Looks like all the examples I have given above are in French. How about Japanese? A lot of Japanese restaurants have their names written in English. Should you pronounce the ‘o’ as ‘or’ and not roll you tongue when you pronounce ‘r’? Is it really necessary, so as to stick to the word’s origin, or does it just make you feel that you know some Japanese?

Consider the following two sentences: 1) 我去食麥當勞。2) 我去食McDonald’s. Which one do you prefer? I personally like language consistency, as a language, after thousands of years of development, should suffice for expressing all sorts of ideas on its own. I believe many people like me do not prefer mixing different languages in one sentence. What about “I am going to Pret A Manger.”? Are you using two different languages in one sentence if you say “Pri-ta-mun-ger”? Does pronouncing the word using English pronunciation gives a more consistent feeling? You might argue that 麥當勞 is the Chinese translation of McDonald’s while Pret A Manger (in its English pronunciation) is not a translation of the original name. Can we consider those words as “English translations” of the other languages? You may say that Pret A Manger is just the exact same word as the French name, perhaps only with the accents removed. But if you agree that Paris, not “Pali”, is the English name of the capital of France, I see no point why a translation cannot be obtained by simply removing the accents.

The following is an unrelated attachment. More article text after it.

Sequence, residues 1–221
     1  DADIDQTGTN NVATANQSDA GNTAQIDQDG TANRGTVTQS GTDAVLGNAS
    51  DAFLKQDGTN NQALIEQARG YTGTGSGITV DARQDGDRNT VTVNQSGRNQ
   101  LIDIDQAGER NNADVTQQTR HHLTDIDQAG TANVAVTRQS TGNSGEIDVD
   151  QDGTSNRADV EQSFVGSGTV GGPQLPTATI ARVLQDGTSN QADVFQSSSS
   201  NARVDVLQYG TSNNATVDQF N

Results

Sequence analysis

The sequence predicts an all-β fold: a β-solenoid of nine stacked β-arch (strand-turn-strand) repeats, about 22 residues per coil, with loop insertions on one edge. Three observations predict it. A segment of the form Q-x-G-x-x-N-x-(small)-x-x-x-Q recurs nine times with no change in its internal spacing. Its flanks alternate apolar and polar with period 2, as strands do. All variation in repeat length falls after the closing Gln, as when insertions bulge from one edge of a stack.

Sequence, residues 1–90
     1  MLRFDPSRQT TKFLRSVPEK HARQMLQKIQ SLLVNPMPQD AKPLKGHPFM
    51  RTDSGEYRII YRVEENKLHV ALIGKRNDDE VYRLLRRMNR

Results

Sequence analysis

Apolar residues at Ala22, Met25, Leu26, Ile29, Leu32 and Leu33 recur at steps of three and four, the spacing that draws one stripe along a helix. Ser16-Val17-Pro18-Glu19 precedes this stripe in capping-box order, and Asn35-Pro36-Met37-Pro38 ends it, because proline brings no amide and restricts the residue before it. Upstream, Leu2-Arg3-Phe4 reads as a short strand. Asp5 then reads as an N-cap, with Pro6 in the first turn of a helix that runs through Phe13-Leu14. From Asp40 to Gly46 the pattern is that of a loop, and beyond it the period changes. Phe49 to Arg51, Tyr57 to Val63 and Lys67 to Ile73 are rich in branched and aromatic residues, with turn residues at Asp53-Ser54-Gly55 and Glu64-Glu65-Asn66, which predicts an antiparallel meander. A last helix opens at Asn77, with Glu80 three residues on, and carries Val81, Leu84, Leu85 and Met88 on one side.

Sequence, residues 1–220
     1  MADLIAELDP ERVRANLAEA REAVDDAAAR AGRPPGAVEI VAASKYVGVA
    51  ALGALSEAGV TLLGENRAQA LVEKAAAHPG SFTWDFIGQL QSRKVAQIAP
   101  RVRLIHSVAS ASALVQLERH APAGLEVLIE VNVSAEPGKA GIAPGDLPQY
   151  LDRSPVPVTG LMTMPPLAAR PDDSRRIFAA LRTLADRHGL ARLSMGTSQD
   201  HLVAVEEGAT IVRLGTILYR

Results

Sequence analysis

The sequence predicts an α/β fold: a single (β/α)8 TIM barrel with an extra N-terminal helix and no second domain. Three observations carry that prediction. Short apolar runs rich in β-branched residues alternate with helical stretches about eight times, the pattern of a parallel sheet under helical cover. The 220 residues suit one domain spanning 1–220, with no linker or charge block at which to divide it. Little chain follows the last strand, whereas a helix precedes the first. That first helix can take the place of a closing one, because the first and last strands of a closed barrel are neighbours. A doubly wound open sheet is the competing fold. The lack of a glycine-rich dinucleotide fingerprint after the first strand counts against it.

My knowledge for European languages other than English is extremely meagre. My perspective may very well not be comprehensive. Please let me know your opinion.

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4 Comments leave one →
  1. Miah permalink*
    September 16, 2009 9:58 am